We’ve already seen how natural gas has been a key driver of significant greenhouse gas reductions in the United States. Now, a new peer reviewed study from Carnegie Mellon University finds that exporting clean-burning natural gas from the United States would help reduce global greenhouse gas (GHG) emissions, too. According to the corresponding author of the study, Leslie Abrahams:
“We went a step beyond just the emissions from exporting the natural gas and looked at how it might be used when it gets to its destination, such as to displace traditional fuels or other forms of natural gas.”
Despite running multiple scenarios the outcome was the same: increased LNG exports from the United States will help reduce GHG emissions in importing countries. As the study concludes,
“From a global emissions perspective, this study has shown that exporting LNG can help to reduce life cycle GHG emissions from electricity generation and industrial heating.”
Notably, the study also addresses methane emissions, noting that exports from the United States would have far lower emissions than exports from Russia to European countries:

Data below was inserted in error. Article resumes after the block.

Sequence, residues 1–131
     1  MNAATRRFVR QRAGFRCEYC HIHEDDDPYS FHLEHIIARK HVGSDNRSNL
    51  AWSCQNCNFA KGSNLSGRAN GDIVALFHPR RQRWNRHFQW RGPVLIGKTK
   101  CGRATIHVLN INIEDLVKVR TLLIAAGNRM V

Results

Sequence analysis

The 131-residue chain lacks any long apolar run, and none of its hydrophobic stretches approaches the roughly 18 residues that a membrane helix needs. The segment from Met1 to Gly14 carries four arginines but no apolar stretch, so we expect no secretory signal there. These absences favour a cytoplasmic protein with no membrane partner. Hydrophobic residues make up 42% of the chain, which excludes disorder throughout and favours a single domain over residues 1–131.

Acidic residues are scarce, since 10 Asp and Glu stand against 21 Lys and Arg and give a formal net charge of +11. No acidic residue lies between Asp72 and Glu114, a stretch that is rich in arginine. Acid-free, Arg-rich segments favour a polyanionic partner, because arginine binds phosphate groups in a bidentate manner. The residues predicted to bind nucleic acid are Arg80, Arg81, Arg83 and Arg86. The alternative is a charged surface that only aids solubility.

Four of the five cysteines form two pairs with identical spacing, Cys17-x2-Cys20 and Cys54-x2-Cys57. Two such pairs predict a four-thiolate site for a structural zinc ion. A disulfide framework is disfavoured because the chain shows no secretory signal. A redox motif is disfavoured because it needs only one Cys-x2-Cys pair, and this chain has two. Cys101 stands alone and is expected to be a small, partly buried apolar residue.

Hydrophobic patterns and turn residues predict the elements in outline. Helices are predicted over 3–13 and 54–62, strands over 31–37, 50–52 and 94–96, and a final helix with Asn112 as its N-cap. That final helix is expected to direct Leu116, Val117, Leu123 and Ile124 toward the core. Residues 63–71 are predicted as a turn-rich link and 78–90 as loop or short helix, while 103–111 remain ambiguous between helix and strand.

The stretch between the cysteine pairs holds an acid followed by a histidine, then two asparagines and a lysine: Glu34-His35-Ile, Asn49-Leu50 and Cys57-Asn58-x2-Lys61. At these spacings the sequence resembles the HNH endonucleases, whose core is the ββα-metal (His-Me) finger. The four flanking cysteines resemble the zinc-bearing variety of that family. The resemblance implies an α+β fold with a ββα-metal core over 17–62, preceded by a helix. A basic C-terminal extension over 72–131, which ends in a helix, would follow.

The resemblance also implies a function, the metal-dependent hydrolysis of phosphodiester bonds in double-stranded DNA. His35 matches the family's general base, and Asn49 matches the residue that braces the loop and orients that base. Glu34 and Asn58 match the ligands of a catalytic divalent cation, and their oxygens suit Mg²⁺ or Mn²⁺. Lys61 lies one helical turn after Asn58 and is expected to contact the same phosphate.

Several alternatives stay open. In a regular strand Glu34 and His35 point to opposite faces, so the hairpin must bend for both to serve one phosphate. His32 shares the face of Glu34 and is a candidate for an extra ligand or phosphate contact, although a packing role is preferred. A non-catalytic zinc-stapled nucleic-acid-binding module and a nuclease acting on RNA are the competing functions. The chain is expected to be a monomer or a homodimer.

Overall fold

“When considering a 100-year GWP, mean life cycle emissions from exported U.S. LNG are 13% lower than those from Russian natural gas exports, and result in about 45% fewer emissions than traditional electricity generation.” (Pg. E)
One of the reasons for this, according to the report, is that methane leakage rates from natural gas production in Russia are between 5-7 percent, while methane leakage rates are significantly lower in the United States. As EID has noted on many occasions, the Environmental Protection Agency put the U.S. methane leakage rate at around 1.5 percent, which is well below the threshold for natural gas to maintain clear environmental benefits.
Besides a positive environmental impact, we already know that LNG exports will also provide significant economic benefits here at home. Dominion Resources is currently working on retro fitting an LNG import facility to export LNG to global allies. According to the company, the Cove Point Maryland project will produce more than 3,000 construction jobs during the three-year period and create 75 new jobs once in operations. The project will also create a new long term revenue stream for Calvert County, Maryland which is scheduled to receive $40 million a year on average.
Fuels previously used for electricity generation, industrial processes, heat and transportation have been offset by affordable and abundant natural gas being produced here at home. Because of this development, U.S. GHG emissions have continued to fall year over year. And, with the United States now leading the world as the largest producer of natural gas, we can help developing countries reduce their emissions while expanding their economies and ours.